Analysis |

UN Peacekeeping Commander: It's Time for Israel and Lebanon to Take Courageous Steps

'Peace-keeping forces cannot substitute a diplomatic solution,' outgoing UNIFIL commander Maj. Gen. Michael Beary tells Haaretz ■ Israel's plan to buff up its defenses gets mired in politics

Amos Harel
Amos Harel
A UNIFIL soldier at the Israeli-Lebanese border near the Israeli Kibbutz of Zar'It, August 2, 2018
A UNIFIL soldier at the Israeli-Lebanese border near the Israeli Kibbutz of Zar'It, August 2, 2018Credit: AFP
Amos Harel
Amos Harel

Twelve years ago this month, the north was being barraged by Hezbollah rockets and the government was debating how deep to send soldiers into Lebanon to stop the rocket fire. Although the war was badly managed, at every level, since then the north has known unprecedented quiet. There are various reasons for this, including mutual deterrence between Israel and Hezbollah, as well as the influence of Iran, which preferred to channel its huge investment in Hezbollah ($700 million-$1 billion annually) towards other purposes.

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Hezbollah’s power was built (and is maintained) to threaten Israel with a harsh reprisal blow should it attack the Iranian nuclear sites. While Syria fell apart and Gaza periodically ignited, Lebanon, the front with the greatest destructive potential, has remained surprisingly quiet.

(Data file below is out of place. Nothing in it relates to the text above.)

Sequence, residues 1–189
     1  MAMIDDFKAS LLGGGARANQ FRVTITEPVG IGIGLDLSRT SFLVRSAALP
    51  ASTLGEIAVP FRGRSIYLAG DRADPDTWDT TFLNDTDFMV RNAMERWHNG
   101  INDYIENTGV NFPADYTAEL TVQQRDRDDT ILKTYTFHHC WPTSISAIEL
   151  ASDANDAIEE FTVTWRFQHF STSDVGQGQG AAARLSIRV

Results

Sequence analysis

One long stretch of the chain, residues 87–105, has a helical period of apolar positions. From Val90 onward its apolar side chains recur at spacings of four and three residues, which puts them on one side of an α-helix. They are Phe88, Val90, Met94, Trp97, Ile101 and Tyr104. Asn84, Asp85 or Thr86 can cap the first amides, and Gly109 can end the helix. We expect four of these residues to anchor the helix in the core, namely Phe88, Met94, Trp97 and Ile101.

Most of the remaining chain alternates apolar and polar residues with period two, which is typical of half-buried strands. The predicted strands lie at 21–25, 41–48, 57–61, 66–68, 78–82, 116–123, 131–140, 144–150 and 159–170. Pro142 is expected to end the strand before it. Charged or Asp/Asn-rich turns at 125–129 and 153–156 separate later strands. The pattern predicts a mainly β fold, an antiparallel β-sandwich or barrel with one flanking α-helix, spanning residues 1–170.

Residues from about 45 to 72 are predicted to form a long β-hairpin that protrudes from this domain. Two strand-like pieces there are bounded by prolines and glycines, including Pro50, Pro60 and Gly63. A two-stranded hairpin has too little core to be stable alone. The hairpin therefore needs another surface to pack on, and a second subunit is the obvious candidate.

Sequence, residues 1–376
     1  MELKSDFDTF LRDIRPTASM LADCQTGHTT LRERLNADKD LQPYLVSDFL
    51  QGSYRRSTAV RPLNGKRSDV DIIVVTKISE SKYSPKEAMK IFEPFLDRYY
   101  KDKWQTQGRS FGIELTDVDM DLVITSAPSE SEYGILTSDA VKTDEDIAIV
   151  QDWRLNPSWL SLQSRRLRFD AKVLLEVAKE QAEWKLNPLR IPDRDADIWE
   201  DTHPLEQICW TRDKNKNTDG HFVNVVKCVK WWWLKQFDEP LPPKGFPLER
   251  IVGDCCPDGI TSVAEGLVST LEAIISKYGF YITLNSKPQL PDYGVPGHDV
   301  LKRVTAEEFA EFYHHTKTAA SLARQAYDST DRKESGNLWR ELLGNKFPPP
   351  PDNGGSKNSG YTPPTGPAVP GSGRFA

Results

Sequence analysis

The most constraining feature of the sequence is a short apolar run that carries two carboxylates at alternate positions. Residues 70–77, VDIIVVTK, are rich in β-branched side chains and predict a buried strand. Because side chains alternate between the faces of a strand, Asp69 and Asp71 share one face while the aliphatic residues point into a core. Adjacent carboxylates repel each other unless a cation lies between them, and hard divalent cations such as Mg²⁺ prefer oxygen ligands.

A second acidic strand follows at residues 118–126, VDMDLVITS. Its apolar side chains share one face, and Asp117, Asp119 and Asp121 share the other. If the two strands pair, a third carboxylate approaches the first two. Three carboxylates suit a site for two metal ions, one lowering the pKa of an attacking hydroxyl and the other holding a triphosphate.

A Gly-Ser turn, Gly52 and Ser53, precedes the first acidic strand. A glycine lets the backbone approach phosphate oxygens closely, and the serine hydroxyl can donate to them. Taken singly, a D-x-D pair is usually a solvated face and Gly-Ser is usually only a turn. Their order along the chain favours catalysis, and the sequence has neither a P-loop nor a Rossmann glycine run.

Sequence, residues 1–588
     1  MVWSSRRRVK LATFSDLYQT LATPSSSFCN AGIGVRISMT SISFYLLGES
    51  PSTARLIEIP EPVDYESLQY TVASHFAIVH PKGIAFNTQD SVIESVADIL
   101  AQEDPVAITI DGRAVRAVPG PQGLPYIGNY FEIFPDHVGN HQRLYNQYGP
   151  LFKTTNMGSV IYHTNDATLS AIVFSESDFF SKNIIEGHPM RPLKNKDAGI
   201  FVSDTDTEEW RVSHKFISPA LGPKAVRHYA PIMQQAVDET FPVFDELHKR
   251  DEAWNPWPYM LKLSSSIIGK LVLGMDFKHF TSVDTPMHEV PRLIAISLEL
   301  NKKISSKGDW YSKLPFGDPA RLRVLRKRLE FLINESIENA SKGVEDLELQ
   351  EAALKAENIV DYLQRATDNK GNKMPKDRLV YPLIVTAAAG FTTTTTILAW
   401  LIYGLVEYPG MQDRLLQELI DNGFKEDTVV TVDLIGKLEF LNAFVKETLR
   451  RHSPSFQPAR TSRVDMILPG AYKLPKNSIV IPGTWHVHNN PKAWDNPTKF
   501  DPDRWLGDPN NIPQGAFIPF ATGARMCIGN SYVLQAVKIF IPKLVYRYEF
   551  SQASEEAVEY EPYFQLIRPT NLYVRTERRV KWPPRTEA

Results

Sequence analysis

Maj. Gen. Michael Beary, the Irishman who commanded the UNIFIL forces for the past four years, will soon complete his tour. Speaking with Haaretz in Jerusalem last month, Beary said the calm had been sustained due to concerted efforts by the governments of Israel and Lebanon, with the aid of UNIFIL. This continued, he noted, throughout the last year, during which Israel began building a new barrier along certain sections of the border. The barrier, 11 kilometers long in total, is being erected in two areas – from Misgav Am to Metulla in the north, and by Rosh Hanikra in the west. There was concern about what would happen during the construction since the planned barrier overlaps with some of the 13 points where the precise location of the international border is a matter of dispute. Over the past year, the joint committee has held close to 30 meetings, three times the number of meetings in the previous year. The general thinks this helped contain tensions along the border, mainly regarding the new Israeli barrier. He talks about “good dynamics” in the negotiations and attributes the increased calm during the last two years to these talks. And he has considerable perspective: This is his fourth tour of duty with UNIFIL. His first was as a battalion commander during the First Lebanon War in 1982.

10,500 soldiers and 850 civilians from 42 countries serve in UNIFIL. The general describes Lebanese use of beaches in Nakura, north of Rosh Hanikra, as a sign of normality that would have been unheard of in previous periods. “This is not a war atmosphere,” he says. He suggests that both countries should look forward to the next stage. “Peacekeeping forces cannot substitute for a diplomatic solution. UNIFIL is 40 years old. It is time to proceed to a long-term ceasefire. It would require courage on both sides. The last thing they need now is war.”